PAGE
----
In the face of such evidence there was a clear duty cast upon the prosecution to examine these witnesses. Though there is this defect in the prosecution evidence, in the present case it cannot be considered that it vitiates the trial as such. Here the witnesses who, according to the defence, are material ones are closely related to P. W. 2 and there is no reason to think that they would have deposed to a new case.
'Habeeb Mohammed v. State of Hyderabad : 1SCR475 was cited as an authority in support of the defence position that when material witnesses are not examined the prosecution evidence must be considered as entirely vitiated. In that case the trial Court did not allow the defence to examine material witnesses and an important Police Officer was not examined by the prosecution. That decision is only to the effect that if some witnesses are not examined the Court has to see whether that affects the prosecution evidence and a presumption of suppression of evidence is to be made. Here there is no ground to suspect that these witnesses were kept back with an ulterior motive.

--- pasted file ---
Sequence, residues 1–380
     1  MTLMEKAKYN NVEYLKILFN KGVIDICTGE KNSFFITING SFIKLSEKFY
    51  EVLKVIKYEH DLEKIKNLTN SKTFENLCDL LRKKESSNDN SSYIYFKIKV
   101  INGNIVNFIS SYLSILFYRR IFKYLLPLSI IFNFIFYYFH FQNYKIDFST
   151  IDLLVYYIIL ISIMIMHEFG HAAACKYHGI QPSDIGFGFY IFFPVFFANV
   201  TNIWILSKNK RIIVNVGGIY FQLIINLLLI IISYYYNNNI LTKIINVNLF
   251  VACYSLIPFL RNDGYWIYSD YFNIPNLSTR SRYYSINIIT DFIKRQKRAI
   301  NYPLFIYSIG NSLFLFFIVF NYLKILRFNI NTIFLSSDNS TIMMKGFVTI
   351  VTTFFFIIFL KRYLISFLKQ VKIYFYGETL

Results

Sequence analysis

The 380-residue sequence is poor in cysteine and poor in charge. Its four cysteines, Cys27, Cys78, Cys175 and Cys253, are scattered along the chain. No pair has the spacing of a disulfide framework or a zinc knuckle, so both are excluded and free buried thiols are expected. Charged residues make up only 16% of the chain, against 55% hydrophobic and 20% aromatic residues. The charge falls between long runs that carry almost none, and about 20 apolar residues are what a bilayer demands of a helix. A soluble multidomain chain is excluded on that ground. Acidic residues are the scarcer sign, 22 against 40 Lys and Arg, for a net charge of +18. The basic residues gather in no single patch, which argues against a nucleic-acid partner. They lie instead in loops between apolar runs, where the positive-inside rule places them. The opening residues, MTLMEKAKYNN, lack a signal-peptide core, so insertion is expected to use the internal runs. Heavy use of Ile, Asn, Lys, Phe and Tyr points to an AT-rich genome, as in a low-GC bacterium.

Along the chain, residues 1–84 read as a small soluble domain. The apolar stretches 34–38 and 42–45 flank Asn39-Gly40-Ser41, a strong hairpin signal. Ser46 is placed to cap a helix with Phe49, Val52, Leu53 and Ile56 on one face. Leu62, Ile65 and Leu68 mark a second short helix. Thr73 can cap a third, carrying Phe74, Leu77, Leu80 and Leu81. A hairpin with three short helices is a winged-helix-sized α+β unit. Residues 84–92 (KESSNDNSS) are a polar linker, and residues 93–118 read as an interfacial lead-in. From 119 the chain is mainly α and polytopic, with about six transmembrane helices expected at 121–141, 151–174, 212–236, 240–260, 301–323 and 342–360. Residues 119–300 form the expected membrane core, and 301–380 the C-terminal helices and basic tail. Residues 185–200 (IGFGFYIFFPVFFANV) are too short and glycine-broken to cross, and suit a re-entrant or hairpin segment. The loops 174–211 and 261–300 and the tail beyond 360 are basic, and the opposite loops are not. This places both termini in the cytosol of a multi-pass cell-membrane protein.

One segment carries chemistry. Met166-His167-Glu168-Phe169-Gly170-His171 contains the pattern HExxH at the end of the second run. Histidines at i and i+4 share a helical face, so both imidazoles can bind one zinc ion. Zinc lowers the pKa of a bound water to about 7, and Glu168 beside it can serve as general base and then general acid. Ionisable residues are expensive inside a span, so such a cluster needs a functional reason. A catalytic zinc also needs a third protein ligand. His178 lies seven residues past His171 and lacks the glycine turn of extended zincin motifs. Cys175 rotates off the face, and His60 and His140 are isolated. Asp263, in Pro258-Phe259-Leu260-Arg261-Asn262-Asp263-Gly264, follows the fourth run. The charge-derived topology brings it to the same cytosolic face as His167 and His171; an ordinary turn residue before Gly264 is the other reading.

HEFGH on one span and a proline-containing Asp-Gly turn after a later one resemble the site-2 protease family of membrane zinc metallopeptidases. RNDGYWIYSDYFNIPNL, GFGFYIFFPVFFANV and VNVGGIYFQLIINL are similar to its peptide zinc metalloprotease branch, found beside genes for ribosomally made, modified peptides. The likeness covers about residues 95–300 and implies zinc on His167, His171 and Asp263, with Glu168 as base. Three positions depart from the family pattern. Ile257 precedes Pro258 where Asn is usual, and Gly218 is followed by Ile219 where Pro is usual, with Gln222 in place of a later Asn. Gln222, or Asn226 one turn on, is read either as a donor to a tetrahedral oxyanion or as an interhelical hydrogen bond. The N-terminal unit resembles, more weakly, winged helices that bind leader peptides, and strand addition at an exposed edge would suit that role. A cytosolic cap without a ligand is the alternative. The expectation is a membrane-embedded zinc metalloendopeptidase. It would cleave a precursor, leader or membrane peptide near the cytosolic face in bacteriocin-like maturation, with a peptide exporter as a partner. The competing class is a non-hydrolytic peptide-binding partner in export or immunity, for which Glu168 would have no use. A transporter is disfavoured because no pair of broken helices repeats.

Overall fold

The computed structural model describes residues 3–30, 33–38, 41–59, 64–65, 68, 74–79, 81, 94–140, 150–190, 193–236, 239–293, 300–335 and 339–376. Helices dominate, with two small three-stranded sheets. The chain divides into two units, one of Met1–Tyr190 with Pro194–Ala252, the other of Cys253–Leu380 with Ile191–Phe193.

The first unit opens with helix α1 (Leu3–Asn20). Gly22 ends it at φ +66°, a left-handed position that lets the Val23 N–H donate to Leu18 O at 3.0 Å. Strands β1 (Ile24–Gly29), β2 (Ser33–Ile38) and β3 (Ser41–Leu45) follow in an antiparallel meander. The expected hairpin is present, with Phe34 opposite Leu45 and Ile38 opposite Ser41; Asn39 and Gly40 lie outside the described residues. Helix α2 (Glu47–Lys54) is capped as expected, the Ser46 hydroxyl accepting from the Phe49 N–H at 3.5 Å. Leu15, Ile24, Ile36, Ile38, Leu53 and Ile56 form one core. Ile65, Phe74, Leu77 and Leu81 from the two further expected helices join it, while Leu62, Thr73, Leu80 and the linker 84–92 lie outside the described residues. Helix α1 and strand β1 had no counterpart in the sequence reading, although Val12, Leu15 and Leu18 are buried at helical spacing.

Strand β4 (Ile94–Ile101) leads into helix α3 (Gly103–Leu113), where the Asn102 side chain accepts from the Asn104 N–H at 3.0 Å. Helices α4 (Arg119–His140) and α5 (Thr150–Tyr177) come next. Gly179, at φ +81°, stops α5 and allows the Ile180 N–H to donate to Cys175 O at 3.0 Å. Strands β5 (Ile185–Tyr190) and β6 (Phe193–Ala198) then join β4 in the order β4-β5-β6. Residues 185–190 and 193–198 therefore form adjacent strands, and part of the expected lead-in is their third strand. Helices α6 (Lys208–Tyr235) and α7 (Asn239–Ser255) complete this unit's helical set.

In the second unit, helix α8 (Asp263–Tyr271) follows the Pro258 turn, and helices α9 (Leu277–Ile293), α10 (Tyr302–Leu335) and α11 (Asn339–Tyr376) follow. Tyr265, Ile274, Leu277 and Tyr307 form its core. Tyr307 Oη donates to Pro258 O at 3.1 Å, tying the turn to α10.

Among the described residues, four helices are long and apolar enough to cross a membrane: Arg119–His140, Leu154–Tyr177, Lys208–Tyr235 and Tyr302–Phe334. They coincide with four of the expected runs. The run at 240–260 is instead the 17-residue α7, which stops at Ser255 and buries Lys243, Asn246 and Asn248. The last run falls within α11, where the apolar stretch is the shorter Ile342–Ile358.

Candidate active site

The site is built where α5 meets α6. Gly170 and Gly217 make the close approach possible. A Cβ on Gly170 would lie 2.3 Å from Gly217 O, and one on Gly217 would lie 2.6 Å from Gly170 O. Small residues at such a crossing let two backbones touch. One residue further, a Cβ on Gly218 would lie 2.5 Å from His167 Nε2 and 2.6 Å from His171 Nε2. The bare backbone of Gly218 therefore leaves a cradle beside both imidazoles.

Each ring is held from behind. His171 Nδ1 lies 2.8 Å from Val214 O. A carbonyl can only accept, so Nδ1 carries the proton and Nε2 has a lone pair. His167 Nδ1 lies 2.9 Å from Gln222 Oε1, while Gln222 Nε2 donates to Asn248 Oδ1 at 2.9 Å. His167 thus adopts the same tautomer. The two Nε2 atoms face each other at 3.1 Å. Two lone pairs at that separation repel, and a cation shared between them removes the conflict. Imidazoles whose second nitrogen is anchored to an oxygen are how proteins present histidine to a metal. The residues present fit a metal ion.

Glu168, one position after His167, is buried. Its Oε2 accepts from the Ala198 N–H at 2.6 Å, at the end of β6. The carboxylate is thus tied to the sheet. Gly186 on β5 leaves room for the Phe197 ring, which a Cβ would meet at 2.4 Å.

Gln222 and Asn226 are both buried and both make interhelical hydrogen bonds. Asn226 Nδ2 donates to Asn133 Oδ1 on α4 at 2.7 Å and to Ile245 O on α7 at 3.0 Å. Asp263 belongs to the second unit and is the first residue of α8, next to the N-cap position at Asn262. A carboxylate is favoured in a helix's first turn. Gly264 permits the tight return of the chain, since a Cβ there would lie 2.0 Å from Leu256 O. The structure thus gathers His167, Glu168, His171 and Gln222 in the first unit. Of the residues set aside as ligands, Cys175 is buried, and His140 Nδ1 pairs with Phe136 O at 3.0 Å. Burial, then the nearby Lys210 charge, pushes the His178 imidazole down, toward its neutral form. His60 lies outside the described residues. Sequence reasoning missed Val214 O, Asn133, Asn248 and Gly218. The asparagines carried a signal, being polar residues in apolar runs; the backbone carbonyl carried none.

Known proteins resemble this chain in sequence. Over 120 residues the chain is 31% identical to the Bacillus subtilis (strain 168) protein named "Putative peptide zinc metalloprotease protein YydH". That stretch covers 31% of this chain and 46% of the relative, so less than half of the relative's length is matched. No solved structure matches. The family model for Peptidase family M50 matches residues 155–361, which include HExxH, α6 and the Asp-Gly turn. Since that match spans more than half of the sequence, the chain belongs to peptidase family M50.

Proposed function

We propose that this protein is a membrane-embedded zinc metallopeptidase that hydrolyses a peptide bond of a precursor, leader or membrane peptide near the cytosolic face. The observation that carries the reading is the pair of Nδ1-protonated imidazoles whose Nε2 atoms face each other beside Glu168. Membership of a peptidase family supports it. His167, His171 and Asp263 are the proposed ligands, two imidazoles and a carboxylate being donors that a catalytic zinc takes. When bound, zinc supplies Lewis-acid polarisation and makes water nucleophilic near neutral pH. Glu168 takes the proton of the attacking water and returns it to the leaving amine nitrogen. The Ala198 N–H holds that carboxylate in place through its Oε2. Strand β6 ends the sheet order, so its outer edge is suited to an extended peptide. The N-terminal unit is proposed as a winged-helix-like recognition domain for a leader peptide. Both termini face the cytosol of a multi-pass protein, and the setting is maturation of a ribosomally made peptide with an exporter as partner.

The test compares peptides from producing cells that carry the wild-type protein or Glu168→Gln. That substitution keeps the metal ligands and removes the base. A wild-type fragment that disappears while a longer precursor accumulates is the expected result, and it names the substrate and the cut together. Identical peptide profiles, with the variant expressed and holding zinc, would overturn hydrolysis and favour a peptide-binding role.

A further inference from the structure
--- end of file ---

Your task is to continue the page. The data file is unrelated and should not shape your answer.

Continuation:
The lower Court has considered this point and has held that the trial is not vitiated on this ground. We do not see any reason to think otherwise. Here Ex. J, wound certificate of P. W. 1 proved by P. W. 10 shows the nature of the injuries sustained by P. W. 1 Exhibit P is the earliest report about the occurrence. The evidence before Court is to the effect that it could have been caused only in the way deposed to by P. Ws. 1 and 2. So, the fact that the injuries found on P. W. 1 were caused by accused 1 is clearly proved.
The said finding of the lower Court cannot on any basis be challenged. Then there is the defence contention that the statement of the accused to the effect that the first accused intervened only while accused 2 was being assaulted by tying a cloth round his neck by P. W. 2 and his sons ought to have been believed. Except a vague suggestion there is nothing to support this defence plea.